Don­ald Trump’s thing for thugs

The Phnom Penh Post - - OPINION -

AU­THOR­I­TAR­IAN lead­ers ex­er­cise a strange and pow­er­ful at­trac­tion for US Pres­i­dent Don­ald Trump. As his trip to Asia re­minds us, a man who loves to bully peo­ple turns to mush – fawn­ing smiles, ef­fu­sive rhetoric – in the com­pany of strong­men like Xi Jin­ping of China, Vladimir Putin of Rus­sia and Ro­drigo Duterte of the Philip­pines.

Per­haps he sees in them a re­flec­tion of the per­son he would like to be. What­ever the rea­son, there’s been noth­ing quite like Trump’s love af­fair with one-man rule since Spiro Agnew re­turned from a world tour in 1972 singing the praises of dic­ta­tors like Lee Kuan Yew, Haile Se­lassie, Jomo Keny­atta, Mobutu Sese Seko, Gen­eral Fran­cisco Franco – thug­gish char­ac­ters whom Pres­i­dent Richard Nixon, Agnew’s boss, would have lit­tle to do with.

In China, he con­grat­u­lated Xi for se­cur­ing a sec­ond term as ruler of an au­thor­i­tar­ian regime that Trump had spent the 2016 cam­paign crit­i­cis­ing. He again ab­solved Putin of in­ter­fer­ing in the United States elec­tion, de­spite the find­ing of Amer­i­can in­tel­li­gence agen­cies that Moscow did ex­ten­sive med­dling. As for Duterte, Trump ef­fused about their “great” re­la­tion­ship while say­ing noth­ing about the thou­sands who died in a cam­paign of ex­tra­ju­di­cial killings as part of the Philippine pres­i­dent’s anti-drug war.

Yes, serv­ing the na­tional in­ter­est of­ten means work­ing with lead­ers who are un­demo­cratic, cor­rupt, ad­ver­sar­ial or all three. Peo­ple still talk about how naïve Pres­i­dent Ge­orge W Bush in 2001 de­clared the Rus­sian pres­i­dent “trust­wor­thy”. Pres­i­dent Barack Obama stuck with Re­cep Tayyip Er­do­gan of Tur­key long af­ter Er­do­gan evolved into a dic­ta­tor. Nixon as­sid­u­ously cul­ti­vated China’s Mao Ze­dong, the shah of Iran and the Soviet leader Leonid Brezh­nev.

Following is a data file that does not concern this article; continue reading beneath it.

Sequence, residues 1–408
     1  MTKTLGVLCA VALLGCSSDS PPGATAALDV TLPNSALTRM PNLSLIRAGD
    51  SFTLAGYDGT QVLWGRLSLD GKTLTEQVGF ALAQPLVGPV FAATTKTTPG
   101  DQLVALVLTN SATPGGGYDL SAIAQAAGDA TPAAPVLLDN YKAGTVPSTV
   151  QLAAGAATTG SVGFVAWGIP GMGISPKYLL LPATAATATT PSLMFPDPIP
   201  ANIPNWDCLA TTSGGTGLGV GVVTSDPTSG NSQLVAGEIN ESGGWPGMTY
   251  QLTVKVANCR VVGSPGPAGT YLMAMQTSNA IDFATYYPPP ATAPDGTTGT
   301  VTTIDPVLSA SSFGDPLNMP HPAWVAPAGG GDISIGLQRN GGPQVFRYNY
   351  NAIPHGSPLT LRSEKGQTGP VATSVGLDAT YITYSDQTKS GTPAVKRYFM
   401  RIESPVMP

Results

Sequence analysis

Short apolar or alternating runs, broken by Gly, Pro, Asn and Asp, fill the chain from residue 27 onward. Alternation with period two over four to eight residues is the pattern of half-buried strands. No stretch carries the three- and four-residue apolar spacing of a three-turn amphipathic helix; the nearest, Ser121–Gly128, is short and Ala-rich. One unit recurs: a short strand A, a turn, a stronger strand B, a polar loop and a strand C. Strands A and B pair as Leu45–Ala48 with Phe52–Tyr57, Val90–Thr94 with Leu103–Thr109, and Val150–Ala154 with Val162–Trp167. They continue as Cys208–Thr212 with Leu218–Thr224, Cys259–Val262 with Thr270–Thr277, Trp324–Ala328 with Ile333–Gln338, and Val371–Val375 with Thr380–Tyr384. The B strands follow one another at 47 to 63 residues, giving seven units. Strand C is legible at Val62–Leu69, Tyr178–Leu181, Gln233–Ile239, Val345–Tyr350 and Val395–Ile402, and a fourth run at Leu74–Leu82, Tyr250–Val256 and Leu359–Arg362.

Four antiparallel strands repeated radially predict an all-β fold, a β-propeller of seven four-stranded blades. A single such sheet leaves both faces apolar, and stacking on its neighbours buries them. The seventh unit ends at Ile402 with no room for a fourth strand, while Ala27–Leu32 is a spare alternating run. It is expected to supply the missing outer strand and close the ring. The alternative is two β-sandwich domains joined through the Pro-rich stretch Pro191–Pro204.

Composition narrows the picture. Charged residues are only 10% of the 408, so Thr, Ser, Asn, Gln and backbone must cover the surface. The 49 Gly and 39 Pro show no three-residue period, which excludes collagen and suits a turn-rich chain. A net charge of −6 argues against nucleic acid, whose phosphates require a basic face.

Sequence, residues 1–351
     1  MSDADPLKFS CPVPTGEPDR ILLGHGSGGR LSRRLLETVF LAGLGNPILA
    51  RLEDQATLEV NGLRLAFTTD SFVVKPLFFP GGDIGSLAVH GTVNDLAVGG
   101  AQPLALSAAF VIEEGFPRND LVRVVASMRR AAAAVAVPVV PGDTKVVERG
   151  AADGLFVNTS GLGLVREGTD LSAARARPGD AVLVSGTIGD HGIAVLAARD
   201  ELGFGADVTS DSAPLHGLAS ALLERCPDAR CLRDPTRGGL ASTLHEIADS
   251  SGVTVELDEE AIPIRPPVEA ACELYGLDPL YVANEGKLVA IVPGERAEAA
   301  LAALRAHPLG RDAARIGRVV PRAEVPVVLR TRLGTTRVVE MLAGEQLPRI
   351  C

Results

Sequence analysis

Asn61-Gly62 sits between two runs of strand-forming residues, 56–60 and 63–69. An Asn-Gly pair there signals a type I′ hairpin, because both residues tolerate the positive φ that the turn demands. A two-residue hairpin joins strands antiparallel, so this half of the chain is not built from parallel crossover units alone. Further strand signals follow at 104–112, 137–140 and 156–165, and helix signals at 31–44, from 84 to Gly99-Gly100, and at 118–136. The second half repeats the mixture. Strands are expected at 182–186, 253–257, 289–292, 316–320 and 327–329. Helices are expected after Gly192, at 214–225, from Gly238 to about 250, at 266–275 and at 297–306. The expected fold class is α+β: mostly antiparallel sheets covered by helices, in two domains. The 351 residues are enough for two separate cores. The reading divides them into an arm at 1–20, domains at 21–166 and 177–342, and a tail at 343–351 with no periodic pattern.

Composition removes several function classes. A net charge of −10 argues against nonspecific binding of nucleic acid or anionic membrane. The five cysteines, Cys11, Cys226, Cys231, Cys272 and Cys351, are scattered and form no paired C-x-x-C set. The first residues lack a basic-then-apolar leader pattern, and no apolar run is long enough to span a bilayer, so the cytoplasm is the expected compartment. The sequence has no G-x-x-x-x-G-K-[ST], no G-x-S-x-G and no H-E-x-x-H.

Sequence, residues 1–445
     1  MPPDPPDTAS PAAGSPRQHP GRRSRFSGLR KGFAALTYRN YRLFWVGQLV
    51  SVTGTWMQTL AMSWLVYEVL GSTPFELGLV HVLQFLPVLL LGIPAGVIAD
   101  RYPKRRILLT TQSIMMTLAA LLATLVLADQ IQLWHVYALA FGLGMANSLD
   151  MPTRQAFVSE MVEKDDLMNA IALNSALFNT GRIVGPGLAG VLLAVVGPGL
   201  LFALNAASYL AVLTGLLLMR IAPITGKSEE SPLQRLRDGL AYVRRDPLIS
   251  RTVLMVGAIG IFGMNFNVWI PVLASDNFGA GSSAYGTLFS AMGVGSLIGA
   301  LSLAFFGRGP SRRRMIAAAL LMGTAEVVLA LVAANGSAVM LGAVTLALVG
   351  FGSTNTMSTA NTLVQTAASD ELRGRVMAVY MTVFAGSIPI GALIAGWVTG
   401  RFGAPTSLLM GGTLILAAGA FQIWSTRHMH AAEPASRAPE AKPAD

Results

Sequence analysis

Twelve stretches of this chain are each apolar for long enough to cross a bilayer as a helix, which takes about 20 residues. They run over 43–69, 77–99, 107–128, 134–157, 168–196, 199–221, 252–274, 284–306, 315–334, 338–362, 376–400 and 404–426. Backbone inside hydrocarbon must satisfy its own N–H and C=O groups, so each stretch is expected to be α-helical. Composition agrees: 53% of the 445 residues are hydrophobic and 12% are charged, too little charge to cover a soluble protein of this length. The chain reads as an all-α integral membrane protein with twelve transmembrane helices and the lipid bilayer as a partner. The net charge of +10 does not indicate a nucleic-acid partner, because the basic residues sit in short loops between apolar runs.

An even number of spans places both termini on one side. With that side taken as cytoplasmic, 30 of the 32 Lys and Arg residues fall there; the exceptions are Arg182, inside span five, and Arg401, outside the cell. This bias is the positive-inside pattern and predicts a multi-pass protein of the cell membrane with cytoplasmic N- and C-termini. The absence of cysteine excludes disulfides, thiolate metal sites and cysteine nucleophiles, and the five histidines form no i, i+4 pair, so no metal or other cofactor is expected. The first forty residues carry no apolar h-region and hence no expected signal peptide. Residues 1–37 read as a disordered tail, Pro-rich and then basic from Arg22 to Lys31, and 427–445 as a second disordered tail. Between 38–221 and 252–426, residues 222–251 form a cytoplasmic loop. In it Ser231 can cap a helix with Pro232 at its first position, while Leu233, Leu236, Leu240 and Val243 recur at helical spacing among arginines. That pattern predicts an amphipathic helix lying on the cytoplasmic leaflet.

Still, these past pres­i­dents worked within a struc­ture of long­stand­ing al­liances and, in vary­ing de­grees, es­poused sup­port for demo­cratic val­ues, all the while try­ing to nudge the au­to­crats along a sim­i­lar path. Pres­i­dent Ge­orge HW Bush and oth­ers en­cour­aged democ­racy in Rus­sia; Pres­i­dent Bill Clin­ton did like­wise in China and Peru.

So what is Trump’s score­card? Rus­sia and China sup­ported his push for tougher sanc­tions on North Korea. But there is no sign China has en­forced them in a way that will halt North Korea’s nu­clear pro­gramme. China has not moved to open up its econ­omy, as Trump has de­manded. Rus­sia has co­op­er­ated to some ex­tent on Syria but not Ukraine.

At home, Trump’s de­ter­mi­na­tion to ar­ro­gate power unto him­self has weak­ened the State Depart­ment and the cadre of pro­fes­sional di­plo­mats that is cen­tral to suc­cess­ful prob­lem­solv­ing. It has side­lined peo­ple like Sec­re­tary of State Rex Tiller­son. It has left to other na­tions the im­por­tant tasks of pur­su­ing goals like cli­mate change and the Iran nu­clear deal. In ma­jor ways, he is deal­ing Amer­ica out of the game.

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